A Rugby day-out in Dublin - lunch in the clubhouse and a view from the bar
The agenda for the day commenced at about 12.30pm with pre-lunch drinks in the club bar. A gong was struck at 1.15pm. Members and their guests then moved to the function room for a fairly formal lunch. This was followed by, hopefully, short but witty speeches from the respective presidents of the home and away clubs.
The lunch finished at two-forty-five – fifteen minutes before kick-off. The more enthusiastic supporters donned their overcoats and went to stand by the side of the pitch in order to give close, vocal support to their team. The bar and the function room were on the first floor of the clubhouse building so that the match could also be clearly seen from there. The less energetic supporters either moved to a seat by a window in the bar or stayed exactly where they had sat for lunch. They just continued talking, ordered more drink and carried on, oblivious of the catering staff who were now rearranging the room around them for the post-match reception.
At half-time the bar was not crowded but those in it, who had not availed of a break in the fresh air, were warming up nicely. As the second half progressed the vocal support in the bar, alas unheard by the gallant players on the pitch, became more opinionated and emotional.
‘Now that’s a thundering disgrace! Ref, you’re as blind as a bat.’ said the honourable member with spectacles as thick as milk bottles.
‘They’re not fit!’ said the honourable member suffering from morbid obesity.
A rugby club bar is frequently populated by an unusually high proportion of very large people – both old and young. This understandable for a club that has been producing first-class players over many years but it still seems unreal. This is not like looking at a group of lanky, seven-foot basketball players. Most large rugby players are built in similar proportions to much smaller people. It is like an optical illusion. From 20 or 30 feet away they look no more than average-plus size, but as you get closer they seem to grow faster than the eye or the brain can handle.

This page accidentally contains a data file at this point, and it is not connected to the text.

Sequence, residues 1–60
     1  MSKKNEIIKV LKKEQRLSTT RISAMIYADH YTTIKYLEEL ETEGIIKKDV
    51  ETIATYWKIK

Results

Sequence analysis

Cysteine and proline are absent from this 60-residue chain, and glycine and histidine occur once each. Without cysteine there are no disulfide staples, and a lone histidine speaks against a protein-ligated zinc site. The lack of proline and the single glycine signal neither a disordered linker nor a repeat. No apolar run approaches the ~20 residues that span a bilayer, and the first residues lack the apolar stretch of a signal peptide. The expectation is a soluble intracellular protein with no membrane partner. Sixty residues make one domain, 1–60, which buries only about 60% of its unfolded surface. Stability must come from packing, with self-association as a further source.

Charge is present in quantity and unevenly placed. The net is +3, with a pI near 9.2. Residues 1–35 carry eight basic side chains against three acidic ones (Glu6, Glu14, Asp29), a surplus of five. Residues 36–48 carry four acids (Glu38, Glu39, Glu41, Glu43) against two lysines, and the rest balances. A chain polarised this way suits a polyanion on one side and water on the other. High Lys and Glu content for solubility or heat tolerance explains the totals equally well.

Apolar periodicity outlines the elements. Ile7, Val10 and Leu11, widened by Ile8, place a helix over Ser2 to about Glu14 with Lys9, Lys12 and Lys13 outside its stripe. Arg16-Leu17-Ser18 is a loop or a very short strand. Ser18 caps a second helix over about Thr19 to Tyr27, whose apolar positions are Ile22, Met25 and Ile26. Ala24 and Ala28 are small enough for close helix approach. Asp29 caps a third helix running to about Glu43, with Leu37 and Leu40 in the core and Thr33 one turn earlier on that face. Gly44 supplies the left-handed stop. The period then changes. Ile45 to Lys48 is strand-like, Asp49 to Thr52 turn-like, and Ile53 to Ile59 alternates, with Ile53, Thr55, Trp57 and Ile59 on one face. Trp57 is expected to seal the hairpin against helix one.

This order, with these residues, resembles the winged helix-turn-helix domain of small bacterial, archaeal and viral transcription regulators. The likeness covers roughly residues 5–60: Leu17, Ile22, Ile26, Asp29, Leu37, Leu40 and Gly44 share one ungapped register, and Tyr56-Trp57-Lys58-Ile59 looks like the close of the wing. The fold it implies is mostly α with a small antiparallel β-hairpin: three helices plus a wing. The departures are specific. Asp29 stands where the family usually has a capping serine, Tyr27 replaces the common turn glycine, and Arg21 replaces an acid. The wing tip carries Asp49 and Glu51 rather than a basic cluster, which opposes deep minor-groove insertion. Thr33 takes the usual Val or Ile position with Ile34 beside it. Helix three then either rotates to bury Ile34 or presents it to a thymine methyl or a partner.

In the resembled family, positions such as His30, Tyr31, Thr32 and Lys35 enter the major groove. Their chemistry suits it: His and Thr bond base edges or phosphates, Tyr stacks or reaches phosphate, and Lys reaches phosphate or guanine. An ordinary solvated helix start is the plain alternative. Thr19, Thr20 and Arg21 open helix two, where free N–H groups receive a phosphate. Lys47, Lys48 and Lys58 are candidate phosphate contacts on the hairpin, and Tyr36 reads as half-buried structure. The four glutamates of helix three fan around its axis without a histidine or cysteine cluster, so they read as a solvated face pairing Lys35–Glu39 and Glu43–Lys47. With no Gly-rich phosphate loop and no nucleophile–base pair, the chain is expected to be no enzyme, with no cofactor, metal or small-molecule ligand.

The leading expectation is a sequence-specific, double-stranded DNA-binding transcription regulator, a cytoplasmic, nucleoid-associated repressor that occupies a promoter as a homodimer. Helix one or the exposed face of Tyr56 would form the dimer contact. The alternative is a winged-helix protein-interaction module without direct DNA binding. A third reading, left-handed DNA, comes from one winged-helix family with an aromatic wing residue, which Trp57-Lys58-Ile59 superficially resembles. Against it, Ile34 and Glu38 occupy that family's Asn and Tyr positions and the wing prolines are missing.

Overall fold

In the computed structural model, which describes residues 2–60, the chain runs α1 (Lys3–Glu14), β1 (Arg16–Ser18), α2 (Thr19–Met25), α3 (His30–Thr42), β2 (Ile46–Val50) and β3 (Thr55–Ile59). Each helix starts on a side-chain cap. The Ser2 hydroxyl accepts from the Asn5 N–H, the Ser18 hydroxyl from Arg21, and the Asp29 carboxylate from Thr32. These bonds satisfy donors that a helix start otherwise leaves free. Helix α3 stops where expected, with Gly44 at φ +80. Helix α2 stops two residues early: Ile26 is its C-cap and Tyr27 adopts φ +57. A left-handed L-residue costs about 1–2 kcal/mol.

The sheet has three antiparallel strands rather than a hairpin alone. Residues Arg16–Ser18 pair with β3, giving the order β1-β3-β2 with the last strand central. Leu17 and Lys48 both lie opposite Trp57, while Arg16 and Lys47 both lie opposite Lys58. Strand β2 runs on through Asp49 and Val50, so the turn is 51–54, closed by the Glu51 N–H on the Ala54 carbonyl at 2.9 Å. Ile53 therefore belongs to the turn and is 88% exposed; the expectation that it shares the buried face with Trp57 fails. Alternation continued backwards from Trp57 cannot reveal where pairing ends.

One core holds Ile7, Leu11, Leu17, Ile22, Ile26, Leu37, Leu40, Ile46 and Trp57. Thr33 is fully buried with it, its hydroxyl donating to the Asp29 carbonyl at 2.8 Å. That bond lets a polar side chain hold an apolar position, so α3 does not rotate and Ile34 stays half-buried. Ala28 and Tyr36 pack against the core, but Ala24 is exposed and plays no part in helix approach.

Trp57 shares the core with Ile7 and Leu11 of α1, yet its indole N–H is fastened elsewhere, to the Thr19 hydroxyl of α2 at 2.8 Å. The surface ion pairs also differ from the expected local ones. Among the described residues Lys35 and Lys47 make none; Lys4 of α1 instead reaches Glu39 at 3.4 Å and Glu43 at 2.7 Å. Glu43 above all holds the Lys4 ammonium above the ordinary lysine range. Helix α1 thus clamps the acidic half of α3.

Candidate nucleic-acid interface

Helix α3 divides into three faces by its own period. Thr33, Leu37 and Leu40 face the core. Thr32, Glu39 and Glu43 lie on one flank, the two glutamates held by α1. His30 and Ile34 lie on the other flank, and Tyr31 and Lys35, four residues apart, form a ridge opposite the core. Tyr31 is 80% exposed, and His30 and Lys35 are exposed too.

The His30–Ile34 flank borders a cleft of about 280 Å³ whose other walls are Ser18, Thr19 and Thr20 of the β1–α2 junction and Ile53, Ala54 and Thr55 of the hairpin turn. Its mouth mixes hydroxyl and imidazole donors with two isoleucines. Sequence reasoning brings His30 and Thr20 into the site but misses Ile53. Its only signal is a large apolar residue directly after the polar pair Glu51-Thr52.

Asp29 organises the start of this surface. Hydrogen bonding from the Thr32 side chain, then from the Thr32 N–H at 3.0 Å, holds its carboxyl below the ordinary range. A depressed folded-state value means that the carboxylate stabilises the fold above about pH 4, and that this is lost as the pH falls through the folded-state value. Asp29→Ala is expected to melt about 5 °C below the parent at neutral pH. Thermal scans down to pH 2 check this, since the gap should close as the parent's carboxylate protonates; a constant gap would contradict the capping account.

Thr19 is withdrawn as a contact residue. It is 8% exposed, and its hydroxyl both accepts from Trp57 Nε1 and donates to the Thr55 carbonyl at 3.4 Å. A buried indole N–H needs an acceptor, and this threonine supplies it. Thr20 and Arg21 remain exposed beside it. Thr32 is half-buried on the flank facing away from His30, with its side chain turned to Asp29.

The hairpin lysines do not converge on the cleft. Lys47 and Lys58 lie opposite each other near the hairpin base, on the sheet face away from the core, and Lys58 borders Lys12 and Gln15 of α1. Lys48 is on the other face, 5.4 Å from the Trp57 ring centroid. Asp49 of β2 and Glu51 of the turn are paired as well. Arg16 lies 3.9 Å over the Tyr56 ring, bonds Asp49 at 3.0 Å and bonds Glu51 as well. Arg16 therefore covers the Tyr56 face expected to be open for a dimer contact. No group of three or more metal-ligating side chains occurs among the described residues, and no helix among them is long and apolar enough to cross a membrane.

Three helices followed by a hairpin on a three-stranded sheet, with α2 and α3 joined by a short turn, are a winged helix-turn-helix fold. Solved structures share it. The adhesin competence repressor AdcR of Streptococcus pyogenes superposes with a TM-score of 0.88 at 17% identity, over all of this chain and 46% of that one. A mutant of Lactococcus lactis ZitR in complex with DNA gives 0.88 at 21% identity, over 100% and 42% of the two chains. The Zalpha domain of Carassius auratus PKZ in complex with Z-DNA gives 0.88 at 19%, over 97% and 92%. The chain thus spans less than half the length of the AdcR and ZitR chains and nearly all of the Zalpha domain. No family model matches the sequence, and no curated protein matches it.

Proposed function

Hanging around with very large people can occasionally be dangerous. Consider the case of the man, then in his 50s, who had played lock forward for the first team for many years. He was six foot four inches tall and, not being in as good a condition as in his playing days, he was as broad as he was long, weighing in at about 22 stone. He remained an active member and enjoyed reminiscing with his former team mates over a few drinks on a Saturday afternoon. On this particular day, however, he must have been tired after the week’s work. He was standing in a circle of friends with a newly-poured, untouched pint of Guinness in his right hand. Then he slowly moved away from his circle with small backward steps. The pace of the steps began to quicken but they could not keep up with his upper body. It was clear that he was going to fall.
Nobody shouted “Timber!” but many thought it. All those in his backward path scattered for fear of being crushed. It would have taken at least three men of similar size in perfect formation to have created a wedge capable of preventing his fall. He travelled another six or eight feet before landing, back first, on a table laden with pints of Guinness and other assorted beverages, the owners of which had wisely vacated their previously desirable location just seconds before. A tsunami of black and tanned frothy liquid hit the inside of the clubhouse window, accompanied by the sound of splintering furniture. When the unfortunate man came to rest he looked like an upturned turtle. He was lying on the floor with his head and knees pointing upwards. Despite getting on in years, he still knew how to fall. His large and powerful back had protected him. Miraculously, his freshly poured pint remained full in his right hand, his wrist and elbow having automatically operated in perfect counterpoint to the dynamics of his fall. He slowly turned his head and gazed in admiration at the perfectly formed pint.